Chapter 10 Vocabulary 1. Homer: A Greek who had supposedly written both, “The Illiad” and “The Odyssey” Epic poems which retell the story of the Trojan War and after the Trojan War. He’s also believed to have not existed. 2. Alexander of Macedon: Heir to the throne of his father Philip of Macedon, Alexander of Macedon, or Alexander the Great, was a young king who had conquered most of the Persian Empire. He was a brilliant strategist and an inspired leader. 3. Socrates: (470-399 BCE) Socrates was an Athenian Philosopher. His thoughtful and reflective mind was driven by the understanding human beings and human affairs. 4.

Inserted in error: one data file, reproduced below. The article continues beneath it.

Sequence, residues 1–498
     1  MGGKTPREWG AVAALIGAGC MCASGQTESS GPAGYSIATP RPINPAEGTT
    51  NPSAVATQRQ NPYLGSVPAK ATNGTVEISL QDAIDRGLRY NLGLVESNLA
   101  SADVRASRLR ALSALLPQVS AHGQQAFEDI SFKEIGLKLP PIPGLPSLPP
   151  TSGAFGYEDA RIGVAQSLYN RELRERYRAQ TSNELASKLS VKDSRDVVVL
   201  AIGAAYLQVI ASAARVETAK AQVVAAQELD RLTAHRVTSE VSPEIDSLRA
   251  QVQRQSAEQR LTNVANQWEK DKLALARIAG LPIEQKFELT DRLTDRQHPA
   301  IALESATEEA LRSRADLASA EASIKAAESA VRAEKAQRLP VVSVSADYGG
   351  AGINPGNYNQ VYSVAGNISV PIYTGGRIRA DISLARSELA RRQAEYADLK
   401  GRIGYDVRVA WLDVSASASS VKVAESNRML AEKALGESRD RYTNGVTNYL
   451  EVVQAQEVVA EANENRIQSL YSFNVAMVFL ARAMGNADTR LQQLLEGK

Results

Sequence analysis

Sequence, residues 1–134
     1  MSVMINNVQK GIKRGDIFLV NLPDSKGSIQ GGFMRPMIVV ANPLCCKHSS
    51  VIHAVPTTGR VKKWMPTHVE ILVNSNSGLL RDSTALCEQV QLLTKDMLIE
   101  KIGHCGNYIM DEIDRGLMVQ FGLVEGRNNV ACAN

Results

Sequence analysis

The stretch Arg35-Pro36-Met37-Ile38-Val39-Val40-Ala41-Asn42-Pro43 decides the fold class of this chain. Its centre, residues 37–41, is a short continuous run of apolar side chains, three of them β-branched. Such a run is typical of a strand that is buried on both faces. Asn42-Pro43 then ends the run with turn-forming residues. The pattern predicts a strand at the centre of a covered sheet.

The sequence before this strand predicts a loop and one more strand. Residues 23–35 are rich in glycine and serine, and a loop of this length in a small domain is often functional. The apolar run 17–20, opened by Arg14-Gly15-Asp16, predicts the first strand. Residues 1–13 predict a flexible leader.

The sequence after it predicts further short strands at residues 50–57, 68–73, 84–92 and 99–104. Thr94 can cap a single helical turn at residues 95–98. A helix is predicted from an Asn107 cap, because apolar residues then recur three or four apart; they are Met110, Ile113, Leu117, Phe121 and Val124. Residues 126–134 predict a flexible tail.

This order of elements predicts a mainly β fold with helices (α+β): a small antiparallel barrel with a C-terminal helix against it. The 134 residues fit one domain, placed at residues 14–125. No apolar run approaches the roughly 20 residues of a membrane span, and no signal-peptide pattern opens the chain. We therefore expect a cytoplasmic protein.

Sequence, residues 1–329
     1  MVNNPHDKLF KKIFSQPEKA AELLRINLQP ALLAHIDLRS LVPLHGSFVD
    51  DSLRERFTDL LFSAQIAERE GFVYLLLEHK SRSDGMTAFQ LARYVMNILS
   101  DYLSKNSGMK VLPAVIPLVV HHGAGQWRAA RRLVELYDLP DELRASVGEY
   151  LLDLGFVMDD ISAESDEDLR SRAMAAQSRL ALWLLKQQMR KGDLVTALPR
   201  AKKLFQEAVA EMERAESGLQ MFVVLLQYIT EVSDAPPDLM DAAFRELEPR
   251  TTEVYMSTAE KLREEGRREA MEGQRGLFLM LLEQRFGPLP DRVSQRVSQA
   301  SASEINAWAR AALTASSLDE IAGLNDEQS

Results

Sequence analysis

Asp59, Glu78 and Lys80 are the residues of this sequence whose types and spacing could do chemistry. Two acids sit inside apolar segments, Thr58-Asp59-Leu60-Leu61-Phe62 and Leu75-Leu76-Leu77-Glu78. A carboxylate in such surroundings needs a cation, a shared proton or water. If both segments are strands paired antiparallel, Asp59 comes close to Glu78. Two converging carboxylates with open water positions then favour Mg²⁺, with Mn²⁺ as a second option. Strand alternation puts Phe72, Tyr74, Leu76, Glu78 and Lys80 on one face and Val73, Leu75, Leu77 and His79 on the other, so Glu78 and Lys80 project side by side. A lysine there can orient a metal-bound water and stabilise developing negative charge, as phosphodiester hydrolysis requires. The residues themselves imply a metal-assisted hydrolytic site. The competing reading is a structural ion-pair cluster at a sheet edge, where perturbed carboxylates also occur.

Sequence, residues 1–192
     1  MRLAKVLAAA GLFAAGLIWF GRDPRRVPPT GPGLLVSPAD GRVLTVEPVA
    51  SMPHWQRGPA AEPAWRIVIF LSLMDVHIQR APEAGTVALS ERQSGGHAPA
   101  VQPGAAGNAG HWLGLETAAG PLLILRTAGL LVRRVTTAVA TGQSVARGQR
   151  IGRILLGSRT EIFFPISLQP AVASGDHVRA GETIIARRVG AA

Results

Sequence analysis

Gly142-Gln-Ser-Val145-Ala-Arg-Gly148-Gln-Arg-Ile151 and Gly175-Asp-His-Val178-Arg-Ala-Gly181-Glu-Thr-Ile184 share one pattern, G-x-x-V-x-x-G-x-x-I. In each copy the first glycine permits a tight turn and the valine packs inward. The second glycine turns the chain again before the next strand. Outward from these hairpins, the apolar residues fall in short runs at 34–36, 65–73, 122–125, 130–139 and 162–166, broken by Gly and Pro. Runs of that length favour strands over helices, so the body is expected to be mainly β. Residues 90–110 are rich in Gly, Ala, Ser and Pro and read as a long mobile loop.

Plato: (530-347BCE) Plato was a “disciple” of Socrates teachings and was also a Philosopher. He had theorized over Forms and Ideas. 5. Aristotle: (384-322 BCE) Aristotle was a “disciple” to Plato. He had disagreed with Plato’s theory of Form and Idea. 6. Athens: City-state in Greece, Athens was the city-state that had brought the idea of Democracy into the world. Athens can be an early example of Democracy in the Ancient world. 7. Sparta: City-state in Greece, this city-state had no distinctive feature in its social class because its government was based on who controlled the Military, an early example of Military Dictatorship. . Delian League: An alliance that was set up to defend against any further invasions from Persia after the Persian War. 9. Peloponnesian Wars: Civil conflict between the two powerful poleis, Athens and Sparta. Began from 431 BCE and ended 404 BCE. With the Peloponnesian war going on, it had weakened Greece and destroyed the Delian League. 10. Hellenistic Age: Second phase in Greek history (328-146 BCE) from the conquest of Greece by Philip of Macedon until Greece’s fall to the Romans; this era was a more cosmopolitan age facilitated by the conquests of Alexander the Great.